Friday, May 20, 2011

Ubuntu: Is Natty the last great Ubuntu? Or the first?

Having used it for a few days I'm in two minds about Ubuntu 11.04.

This is reportedly the last version that will support the "classic" GNOME 2 environment. Having used GNOME 2 since I switched back to GNU/Linux from Mac OS X half a decade ago, I'm sorry to see a good friend go. And GNOME 2 really is a good friend, probably the best user interface anyone has put together for Unix (well, aside from Mac OS X, but I'm not sure if I really feel that counts.)

GNOME2 is intuitive, quick (on my hardware), slick looking, friendly, and the builders of it took the time to understand concepts like Fitts law and muscle memory.

Natty gives you the choice between GNOME 2 (called "Ubuntu Classic") and an environment originally intended for netbooks, but substantially improved, called Unity. And Unity is...

...well, it's not ready yet, really, is it? Now, don't get me wrong, it's got a huge number of excellent ideas. Some of these are clearly borrowed from others - the dock, for example, is clearly inspired by the equivalent feature of Mac OS X. The top-of-the-screen menu appears to owe much to the Amiga environment, funnily enough - displaying menu only when it's needed, but title information otherwise. And we still have many classic GNOME elements, such as the Nautilus desktop/file management environment, and virtual desktops.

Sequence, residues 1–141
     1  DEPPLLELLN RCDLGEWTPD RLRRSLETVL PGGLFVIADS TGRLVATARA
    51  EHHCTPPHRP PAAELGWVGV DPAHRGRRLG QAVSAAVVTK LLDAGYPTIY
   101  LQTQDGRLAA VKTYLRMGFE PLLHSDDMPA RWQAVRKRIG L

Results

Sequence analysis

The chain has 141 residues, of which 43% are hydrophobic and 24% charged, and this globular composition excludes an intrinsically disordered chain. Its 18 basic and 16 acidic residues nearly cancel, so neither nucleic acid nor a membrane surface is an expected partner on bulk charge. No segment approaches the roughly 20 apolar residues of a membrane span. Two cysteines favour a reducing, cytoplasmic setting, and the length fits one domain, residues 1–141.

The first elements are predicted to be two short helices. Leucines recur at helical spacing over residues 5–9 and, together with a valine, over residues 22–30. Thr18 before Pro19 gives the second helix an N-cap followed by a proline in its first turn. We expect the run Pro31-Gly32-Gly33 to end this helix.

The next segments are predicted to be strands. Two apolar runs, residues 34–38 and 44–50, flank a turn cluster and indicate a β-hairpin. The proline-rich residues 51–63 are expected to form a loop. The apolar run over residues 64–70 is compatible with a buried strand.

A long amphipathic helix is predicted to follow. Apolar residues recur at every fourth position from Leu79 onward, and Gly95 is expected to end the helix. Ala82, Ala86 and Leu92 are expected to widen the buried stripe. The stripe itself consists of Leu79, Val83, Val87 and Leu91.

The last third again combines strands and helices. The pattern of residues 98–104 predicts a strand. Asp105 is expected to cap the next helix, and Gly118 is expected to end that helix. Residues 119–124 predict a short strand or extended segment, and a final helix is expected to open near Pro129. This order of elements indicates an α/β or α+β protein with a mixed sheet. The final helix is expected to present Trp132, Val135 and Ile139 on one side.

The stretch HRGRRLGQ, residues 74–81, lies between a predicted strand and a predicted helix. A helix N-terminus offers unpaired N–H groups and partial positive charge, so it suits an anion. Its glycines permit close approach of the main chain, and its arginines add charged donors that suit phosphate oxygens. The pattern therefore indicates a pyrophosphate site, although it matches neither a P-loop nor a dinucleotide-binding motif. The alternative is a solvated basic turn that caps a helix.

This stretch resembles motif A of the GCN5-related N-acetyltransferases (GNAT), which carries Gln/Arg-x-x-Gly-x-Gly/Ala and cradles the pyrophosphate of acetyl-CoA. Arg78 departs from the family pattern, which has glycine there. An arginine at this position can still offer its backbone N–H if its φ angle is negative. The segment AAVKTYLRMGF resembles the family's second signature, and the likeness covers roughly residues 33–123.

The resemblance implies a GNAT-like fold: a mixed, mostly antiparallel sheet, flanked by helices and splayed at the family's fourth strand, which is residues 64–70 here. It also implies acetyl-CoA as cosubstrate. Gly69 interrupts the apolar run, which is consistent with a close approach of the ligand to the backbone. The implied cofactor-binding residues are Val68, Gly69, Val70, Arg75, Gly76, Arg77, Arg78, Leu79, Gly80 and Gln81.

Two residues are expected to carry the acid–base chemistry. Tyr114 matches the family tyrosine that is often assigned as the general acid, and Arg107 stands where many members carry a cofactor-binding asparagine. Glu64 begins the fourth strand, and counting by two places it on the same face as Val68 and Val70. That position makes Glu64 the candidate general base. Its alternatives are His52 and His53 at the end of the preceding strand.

On the other hand, good ideas or not, sometimes the whole can be spoiled by a few glaring issues, and that was my problem with Unity. In fact, the major issue is the way to launch applications that are not in the dock. I think the assumption made by Unity's developers is that if a user uses an application a lot, they'll put it in the dock, but in reality the dock just isn't large enough, and you still have to start somewhere. Launching an app means going through a system that's laid out like the search feature of a really bad retail website. Finding the apps you want to run requires an enormous amount of clicking around.

Still, the system has enormous potential. If it's true that the next release of Ubuntu doesn't have GNOME 2, then it'll be interesting to see what the result is. A fixed Unity would make the next Ubuntu awesome. The danger is that it won't be.

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